In the Previous Section, the focus was on telescopes observing the visible spectrum. Obviously, this is a very small section of a much larger spectrum - the Electromagnetic spectrum.
In order to gain a true understanding of the wider Universe, all sections of the EM spectrum must be observed. To do this, scientists have developed a range of telescopes that can view different sections of the EM spectrum.
The image below shows the Crab Nebula (Messier object 1), imaged in different parts of the EM spectrum:-
These telescopes have been covered extensively in the previous section (Optical Telescopes). The image below shows the Crab Nebula in the visible spectrum as imaged by the Hubble Space telescope, to be used as a reference image for other sections of the EM Spectrum:-
The image below show the Crab Nebula as seen in Radio Waves:-
The lowest Energy section of the EM Spectrum gives a unique view of the wider Universe. By observing the Radio part of the Spectrum, it is possible to view some of the most energetic processes in the Universe.
Radio Astronomy has allowed scientists to observe Pulsars, a type of very dense star left over after a supernova. These Pulsars rotate very quickly (several times a second) , emitting a beam of radio waves, like a lighthouse. These signals were originally mistaken for Alien transmissions!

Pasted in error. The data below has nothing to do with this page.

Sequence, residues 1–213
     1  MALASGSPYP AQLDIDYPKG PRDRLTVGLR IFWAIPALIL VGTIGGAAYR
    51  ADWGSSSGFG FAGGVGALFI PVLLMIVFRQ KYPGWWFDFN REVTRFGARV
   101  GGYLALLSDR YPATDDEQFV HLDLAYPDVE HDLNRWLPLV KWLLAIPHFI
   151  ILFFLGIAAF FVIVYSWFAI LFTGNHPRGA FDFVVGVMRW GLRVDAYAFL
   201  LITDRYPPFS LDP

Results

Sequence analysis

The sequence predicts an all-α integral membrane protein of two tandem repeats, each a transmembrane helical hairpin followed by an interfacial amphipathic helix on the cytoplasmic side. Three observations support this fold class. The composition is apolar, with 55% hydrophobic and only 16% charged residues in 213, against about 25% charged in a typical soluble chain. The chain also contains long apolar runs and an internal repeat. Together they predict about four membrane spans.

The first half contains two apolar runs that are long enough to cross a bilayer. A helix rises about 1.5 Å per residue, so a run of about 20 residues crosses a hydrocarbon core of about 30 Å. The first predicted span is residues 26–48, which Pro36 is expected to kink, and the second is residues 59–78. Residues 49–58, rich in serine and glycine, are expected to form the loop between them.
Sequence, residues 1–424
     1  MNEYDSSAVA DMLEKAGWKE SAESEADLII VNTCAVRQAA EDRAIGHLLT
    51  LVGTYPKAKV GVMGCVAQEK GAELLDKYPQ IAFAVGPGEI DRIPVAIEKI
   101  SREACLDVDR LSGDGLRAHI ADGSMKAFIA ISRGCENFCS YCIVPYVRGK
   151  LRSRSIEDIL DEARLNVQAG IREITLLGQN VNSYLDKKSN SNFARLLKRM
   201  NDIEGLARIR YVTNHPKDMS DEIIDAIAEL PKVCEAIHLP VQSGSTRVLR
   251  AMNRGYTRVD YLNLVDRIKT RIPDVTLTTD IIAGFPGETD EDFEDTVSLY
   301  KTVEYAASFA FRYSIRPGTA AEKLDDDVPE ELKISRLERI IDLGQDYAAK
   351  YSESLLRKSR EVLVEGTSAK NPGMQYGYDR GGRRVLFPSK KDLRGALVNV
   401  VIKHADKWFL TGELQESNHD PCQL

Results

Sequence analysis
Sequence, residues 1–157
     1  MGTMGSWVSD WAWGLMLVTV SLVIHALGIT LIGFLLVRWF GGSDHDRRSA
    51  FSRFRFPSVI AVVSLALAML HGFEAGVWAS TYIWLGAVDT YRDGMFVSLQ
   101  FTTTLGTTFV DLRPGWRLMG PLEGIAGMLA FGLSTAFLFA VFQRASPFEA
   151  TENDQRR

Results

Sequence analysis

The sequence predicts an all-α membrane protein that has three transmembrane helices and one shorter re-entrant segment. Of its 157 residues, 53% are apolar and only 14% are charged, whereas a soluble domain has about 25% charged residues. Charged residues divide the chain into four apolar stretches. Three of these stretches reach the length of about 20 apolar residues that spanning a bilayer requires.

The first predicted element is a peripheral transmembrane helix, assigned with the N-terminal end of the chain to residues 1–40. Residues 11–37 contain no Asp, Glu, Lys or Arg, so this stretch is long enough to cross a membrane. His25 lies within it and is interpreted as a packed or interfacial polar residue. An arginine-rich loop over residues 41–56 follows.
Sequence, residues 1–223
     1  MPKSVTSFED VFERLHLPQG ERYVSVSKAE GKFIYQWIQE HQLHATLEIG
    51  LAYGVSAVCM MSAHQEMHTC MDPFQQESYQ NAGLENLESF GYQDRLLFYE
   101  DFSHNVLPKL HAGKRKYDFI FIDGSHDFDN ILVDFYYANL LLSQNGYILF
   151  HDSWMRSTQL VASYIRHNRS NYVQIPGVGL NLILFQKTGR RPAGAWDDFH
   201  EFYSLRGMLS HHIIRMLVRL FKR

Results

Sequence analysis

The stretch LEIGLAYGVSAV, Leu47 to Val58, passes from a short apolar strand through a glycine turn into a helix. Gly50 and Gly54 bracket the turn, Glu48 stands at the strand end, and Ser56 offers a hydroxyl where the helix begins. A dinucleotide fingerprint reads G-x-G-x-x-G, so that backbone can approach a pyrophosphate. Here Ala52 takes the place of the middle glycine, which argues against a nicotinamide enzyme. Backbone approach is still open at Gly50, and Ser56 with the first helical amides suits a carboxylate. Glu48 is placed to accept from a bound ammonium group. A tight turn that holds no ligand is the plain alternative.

Radio Astronomy has also given scientists strong evidence for the Big Bang, by showing the 'afterglow' of the Big Bang in the form of the 'Cosmic Microwave Background'.
Radio telescopes can also be linked together to form a Radio telescope array, where many telescopes can act together to create highly detailed images in a process called Radio Interferometry.
Radio telescopes are the some of the biggest telescopes on Earth, with the Arecibo array in Puerto Rico (image below) being the largest at 300 m in diameter.
The video below show that the Arecibo array can have uses other than Astronomy...
The image below show the Crab Nebula as seen in Infrared waves:-
Infrared Astronomy allows the detection and observation of some of the coldest material in the Universe. Stars and other hot object appear very faint in the far Infrared spectrum, but cold dust and gas glows brightly.
Very little Infrared astronomy can be done on the Earth's surface as the water vapour in the atmosphere absorbs the incoming Infrared radiation. Most is accomplished using space telescopes, such as the Spitzer Space Telescope.
X Ray Astronomy
The image below show the Crab Nebula as seen in X-Ray radiation:-
X Ray astronomy allows the detection of the Hottest Objects in the Universe. X-Ray astronomy can be used to image the infalling dust and gas around a Black Hole event horizon due to the heating caused by the intense Gravitational Forces.
Very little X Ray astronomy can be done on the Earth's surface as the atmosphere absorbs the incoming X Ray radiation. Most is accomplished using space telescopes, such as the Chandra X-Ray Observatory.